Anger over fruit juice health star rating

By Geoff Adams

Citrus growers are unhappy over a multi-national government decision to give juice a lower health rating than diet cola.

The bizarre outcome has come about because the health rating is determined by the level of juice in food — natural or added.

Riverina citrus grower Justin Davidson is hoping the decision by an inter-government forum doesn't harm the juice industry's reputation and damage market sales for his juice.

The Riverina is the largest juice producing area in Australia.

The Food Regulation Forum, comprising ministers from every Australian state and territory, met on July 17 and rejected Federal Agriculture Minister David Littleproud’s proposals to retain the current five-star rating for juice.

Citrus Australia said Mr Littleproud, and also the NSW and South Australian ministers, supported the industry but they were unsuccessful.

Fresh juice has held a five-star rating since the Health Star Rating system was implemented in 2014.

Under the revised HSR system as it stands, diet cola would receive four stars, while 100 per cent fresh juice with no added sugar, preservatives or additions would receive 2.5 stars.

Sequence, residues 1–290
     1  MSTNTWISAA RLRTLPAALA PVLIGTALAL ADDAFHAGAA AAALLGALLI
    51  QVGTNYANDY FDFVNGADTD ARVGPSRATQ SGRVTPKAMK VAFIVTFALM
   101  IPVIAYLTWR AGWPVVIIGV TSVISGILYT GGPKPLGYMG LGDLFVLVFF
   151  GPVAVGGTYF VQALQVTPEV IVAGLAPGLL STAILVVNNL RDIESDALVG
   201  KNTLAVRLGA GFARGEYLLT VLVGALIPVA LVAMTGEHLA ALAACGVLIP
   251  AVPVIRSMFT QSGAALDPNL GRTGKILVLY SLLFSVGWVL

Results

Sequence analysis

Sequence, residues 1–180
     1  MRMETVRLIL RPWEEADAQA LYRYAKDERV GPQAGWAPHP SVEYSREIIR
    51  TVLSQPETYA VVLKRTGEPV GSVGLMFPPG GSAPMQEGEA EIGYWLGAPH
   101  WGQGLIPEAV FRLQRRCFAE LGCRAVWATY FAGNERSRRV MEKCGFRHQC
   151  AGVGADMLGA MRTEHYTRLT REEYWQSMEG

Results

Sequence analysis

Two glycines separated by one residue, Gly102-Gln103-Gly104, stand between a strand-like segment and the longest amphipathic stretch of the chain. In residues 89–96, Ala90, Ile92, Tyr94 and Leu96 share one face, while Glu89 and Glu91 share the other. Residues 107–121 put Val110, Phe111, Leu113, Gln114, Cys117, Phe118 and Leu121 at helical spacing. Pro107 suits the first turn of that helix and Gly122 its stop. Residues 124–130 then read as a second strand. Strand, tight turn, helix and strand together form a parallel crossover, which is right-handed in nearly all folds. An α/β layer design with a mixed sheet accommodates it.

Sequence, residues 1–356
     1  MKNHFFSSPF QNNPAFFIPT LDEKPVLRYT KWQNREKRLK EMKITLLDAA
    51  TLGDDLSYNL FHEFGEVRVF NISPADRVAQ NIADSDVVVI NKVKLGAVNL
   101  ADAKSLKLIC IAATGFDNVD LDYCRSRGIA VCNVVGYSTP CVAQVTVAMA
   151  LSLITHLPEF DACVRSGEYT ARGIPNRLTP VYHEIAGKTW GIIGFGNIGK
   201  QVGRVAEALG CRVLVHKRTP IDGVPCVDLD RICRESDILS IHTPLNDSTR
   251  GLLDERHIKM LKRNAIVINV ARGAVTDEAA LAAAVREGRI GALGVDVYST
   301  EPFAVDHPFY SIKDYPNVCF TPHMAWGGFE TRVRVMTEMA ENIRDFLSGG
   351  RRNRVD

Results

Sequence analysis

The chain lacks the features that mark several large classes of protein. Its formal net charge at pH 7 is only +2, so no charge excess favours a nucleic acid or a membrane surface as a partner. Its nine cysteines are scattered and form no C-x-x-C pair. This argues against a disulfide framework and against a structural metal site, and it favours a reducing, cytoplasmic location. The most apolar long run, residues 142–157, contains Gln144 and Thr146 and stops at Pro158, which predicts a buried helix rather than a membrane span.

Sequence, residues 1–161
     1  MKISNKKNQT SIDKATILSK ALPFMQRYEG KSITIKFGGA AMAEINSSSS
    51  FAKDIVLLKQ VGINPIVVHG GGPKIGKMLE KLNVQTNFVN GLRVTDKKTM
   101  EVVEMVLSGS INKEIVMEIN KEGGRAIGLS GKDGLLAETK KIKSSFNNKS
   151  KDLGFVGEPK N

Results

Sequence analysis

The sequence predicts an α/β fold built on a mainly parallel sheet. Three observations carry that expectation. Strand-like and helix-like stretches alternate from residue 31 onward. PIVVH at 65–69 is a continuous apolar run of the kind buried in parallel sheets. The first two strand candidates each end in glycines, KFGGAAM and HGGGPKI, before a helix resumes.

Mr Davidson, who has about 100 ha of Valencia juicing oranges, said the industry had been under threat for some time, and it did not need questions raised over health value.

“To be downgraded to a two-and-a-half star rating is just not right.

“It's not taking into account other important components in the juice."

Mr Littleproud said despite the Commonwealth's strong advocacy in support of agriculture, farmers and common sense, the Food Regulation Forum had imposed this "bad decision".

“We were on the side our $800 million dollar fruit juice industry and our nation’s 1900 citrus growers,” he said.

“It seemed obvious to me that that 100 per cent fresh fruit and vegetable juice with no added sugar should have a five-star rating.

“It didn’t pass the pub test then and doesn’t pass the pub test now.”

Citrus Australia chief executive officer Nathan Hancock said the effective demonisation of fresh juice — a 100 per cent natural product with no additives or preservatives — defied common sense.

“Under the revised HSR system as it stands, 100 per cent fresh juice would receive less stars than diet cola which contains additives and preservatives and no nutritional benefits,” Mr Hancock said.

“The algorithm that underpins the new HSR assesses fresh juice on sugar content alone and does not consider essential nutrients, such as vitamin C, potassium, folate and magnesium, or antioxidants.

“It also contradicts the Australian Dietary Guidelines, which places fresh juice in the ‘eat more of’ category. There are allowances in the ADG for the substitution of fruit juice for a whole piece of fruit in the diet.

“Vitamin C contributes to immune defence and one 125 ml glass of fresh orange juice contains half the recommended daily intake of vitamin C.”

The Australian Healthy Kids Association recommends tap water be the first drink of choice second to reduced-fat milk, with one small glass (125 ml) of 99 per cent fruit juice being allowed daily for all ages.